Medieval hospital was ‘last resort’ for Black Death victims

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Archaeologists have found a mass grave at Thornton Abbey in Lincolnshire, England.

This countryside priory appears to have had a medieval hospital that was overwhelmed by the Black Death. This forced them to dig the mass grave, which contains at least 48 people.

The Black Death devastated England from 1348 to 1349 AD, killing up to half of the population in less than 2 years. Large cities had to dig mass graves to cope. However, these are unknown in small rural communities like Thornton, making this site unique.


The mass grave there contains at least 48 people, including 21 children, buried over the course of a few days in the 15th century. This catastrophic event was due to the Black Death, as analysis of 16 people’s teeth revealed the DNA of the disease pathogen Yersinia pestis.

This suggests normal institutions were overwhelmed by the Black Death, forcing people to turn to the nearby abbey and associated hospital as a last resort. However, this was also unable to cope, leading to the creation of the mass grave.

Despite the catastrophic circumstances, the dead were still buried with respect; each was carefully placed and wrapped with a burial shroud. It seems even in the midst of the disaster, the community still took care of each other.

A map of Thornton Abbey, highlighting the location of the mass grave, hospital, and abbey – credit: University of Sheffield

A unique find

The Black Death devastated 15th century England, killing up to half of the population in less than 2 years. Whilst large cities had to dig mass graves, these are unknown in small, rural communities. At least, until the discovery of a mass burial at Thornton Abbey, in the Lincolnshire countryside. This burial contains 48 bodies, which have now been analysed by an international team of archaeologists. Their research suggests people turned to a hospital at the abbey for help during the Black Death, as other institutions struggled to cope. However, the hospital was also overwhelmed, so dug the mass grave. These findings, published in Antiquity, highlights how the Black Death devastated small communities.

Thornton Abbey

Thornton Abbey in Lincolnshire founded in 1139, it prospered due to its involvement with the local wool trade, becoming one of the richest monasteries until Henry VIII closed it down in the 1500s. In 2011, archaeologists from the University of Sheffield began a systematic survey of the abbey, revealing earthworks on the edge of the site. These were first thought to be the remains of a mansion built after the monastery was closed. However, excavations did not reveal a mansion. Instead, archaeologists found 48 human skeletons.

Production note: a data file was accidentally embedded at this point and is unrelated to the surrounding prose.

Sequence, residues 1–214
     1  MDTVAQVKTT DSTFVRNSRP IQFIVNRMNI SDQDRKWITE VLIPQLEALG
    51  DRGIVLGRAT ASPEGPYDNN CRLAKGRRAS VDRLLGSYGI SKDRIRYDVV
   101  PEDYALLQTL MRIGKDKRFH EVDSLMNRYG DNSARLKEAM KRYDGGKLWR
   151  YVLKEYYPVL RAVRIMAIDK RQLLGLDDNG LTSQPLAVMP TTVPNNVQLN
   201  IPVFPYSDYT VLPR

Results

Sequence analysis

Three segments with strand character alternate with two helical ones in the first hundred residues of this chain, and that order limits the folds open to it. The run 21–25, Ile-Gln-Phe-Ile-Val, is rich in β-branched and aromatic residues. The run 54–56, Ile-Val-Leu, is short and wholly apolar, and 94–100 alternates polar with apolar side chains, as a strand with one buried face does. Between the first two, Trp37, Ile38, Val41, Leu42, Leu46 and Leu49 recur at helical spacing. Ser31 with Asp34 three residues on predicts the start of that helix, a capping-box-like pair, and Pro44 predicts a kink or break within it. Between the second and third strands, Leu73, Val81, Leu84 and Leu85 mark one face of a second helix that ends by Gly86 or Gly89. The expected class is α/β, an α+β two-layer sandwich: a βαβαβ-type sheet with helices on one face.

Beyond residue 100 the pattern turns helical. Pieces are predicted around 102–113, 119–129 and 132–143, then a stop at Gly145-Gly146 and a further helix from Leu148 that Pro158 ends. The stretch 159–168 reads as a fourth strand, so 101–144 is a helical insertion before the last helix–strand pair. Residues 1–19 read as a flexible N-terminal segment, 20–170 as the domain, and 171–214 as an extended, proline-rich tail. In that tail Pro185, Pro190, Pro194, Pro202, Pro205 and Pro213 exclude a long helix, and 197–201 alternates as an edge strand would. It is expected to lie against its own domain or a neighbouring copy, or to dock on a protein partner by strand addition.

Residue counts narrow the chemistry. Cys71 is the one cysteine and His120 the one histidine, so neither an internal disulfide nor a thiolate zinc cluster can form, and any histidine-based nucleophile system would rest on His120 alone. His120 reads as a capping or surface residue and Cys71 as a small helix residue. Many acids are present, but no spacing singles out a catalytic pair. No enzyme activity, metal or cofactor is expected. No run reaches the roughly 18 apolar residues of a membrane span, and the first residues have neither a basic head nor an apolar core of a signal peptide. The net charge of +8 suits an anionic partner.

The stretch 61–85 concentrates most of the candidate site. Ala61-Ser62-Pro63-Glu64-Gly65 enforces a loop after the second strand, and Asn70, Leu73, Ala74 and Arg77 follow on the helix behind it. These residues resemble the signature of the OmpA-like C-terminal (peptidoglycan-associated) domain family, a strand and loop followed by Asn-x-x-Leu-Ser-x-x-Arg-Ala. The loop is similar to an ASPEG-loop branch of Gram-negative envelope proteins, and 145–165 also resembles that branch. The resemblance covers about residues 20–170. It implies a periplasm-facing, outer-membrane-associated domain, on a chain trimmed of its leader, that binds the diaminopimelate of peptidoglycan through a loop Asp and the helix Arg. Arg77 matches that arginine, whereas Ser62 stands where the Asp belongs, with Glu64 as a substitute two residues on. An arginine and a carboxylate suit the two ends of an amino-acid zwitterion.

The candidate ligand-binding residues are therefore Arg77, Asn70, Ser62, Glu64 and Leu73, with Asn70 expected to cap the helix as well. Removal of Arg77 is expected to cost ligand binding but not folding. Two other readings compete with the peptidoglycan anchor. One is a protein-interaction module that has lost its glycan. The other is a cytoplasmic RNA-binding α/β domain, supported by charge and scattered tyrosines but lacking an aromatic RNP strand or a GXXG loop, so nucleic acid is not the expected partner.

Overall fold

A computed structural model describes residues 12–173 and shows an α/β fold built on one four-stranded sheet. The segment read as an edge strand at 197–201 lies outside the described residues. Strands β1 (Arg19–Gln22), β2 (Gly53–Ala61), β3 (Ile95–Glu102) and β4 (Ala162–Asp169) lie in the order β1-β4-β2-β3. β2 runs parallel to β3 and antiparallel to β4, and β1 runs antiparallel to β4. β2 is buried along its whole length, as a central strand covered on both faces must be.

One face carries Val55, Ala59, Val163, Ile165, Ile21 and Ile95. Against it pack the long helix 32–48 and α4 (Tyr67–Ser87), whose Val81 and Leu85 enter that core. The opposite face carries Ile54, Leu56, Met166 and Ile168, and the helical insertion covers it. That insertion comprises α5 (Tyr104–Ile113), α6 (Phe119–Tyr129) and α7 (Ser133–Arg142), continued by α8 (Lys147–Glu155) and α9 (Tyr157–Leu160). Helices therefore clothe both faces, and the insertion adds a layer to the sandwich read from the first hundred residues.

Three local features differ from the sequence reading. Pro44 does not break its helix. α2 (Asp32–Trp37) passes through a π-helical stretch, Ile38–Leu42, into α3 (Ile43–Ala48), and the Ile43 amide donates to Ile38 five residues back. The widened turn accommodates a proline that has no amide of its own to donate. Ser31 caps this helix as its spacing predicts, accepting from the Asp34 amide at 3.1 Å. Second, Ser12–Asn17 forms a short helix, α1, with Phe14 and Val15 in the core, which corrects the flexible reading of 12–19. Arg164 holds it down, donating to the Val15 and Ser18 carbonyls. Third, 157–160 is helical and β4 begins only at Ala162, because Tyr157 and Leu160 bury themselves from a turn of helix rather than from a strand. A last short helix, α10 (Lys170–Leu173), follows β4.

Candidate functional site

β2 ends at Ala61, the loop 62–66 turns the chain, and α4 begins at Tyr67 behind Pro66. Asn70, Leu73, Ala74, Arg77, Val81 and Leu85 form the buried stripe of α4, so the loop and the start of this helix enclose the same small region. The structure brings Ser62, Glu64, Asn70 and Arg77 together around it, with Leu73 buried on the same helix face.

A mass grave pit

The mass grave at Thornton Abbey represents a catastrophe. The 48 people were buried over a short duration, possibly only a few days, representing a high percentage of the local population dying off quickly. Victims from all age ranges are represented, except for the very young.

However, this was likely because their softer bones were not preserved in the harsh soil. As such, there may have been many more people buried in the grave. What could cause such a catastrophe? Radiocarbon dating placed this burial within the timeframe of the Black Death. The archaeologists’ suspicions were confirmed by analysis of the molars of 16 individuals, which contain DNA from the pathogen responsible for the disease. Notably, the strain from Thornton is most closely related to those from mass graves in London, suggesting it was part of the same outbreak.

A 15th-century tragedy

It seems that Thornton Abbey was inundated with plague victims, to the point they could no longer keep up with the burials. Church records indicate a hospital of St James outside of the walls of the monastery, part of which has since been excavated by archaeologists, which may have been the destination of the sick. So why were so many people heading to this hospital? Records suggest many local institutions were overwhelmed, with many also suffering at the hands of the plague. At Meux Abbey, 18 km from Thornton, 80% of the monks died. Faced with failing local resources, the hospital may have been the only option for many local people.

The community in the face of danger

Although the resources of Thornton Abbey were stretched thin, they still took care to bury people as best they could. The position of individuals indicates they were wrapped in a burial shroud and carefully positioned side by side, so as not to overlap. In Medieval England, a proper Christian burial was vital, so this care in death was likely seen as just as important as any healthcare for the sick. In fact, it may have been what most people were traveling to the Abbey for, with little hope for recovery. As such, this discovery highlights both the devastation rural areas suffered from the Black Death but also sheds light on how people rallied together in the face of it.


The article is published in Antiquity Volume 94, Number 373: X–X

Header Image – A close up of part of the mass grave at Thornton, showing how the deceased were carefully positioned and placed in an organised manner without any overlap Credit: University of Sheffield)

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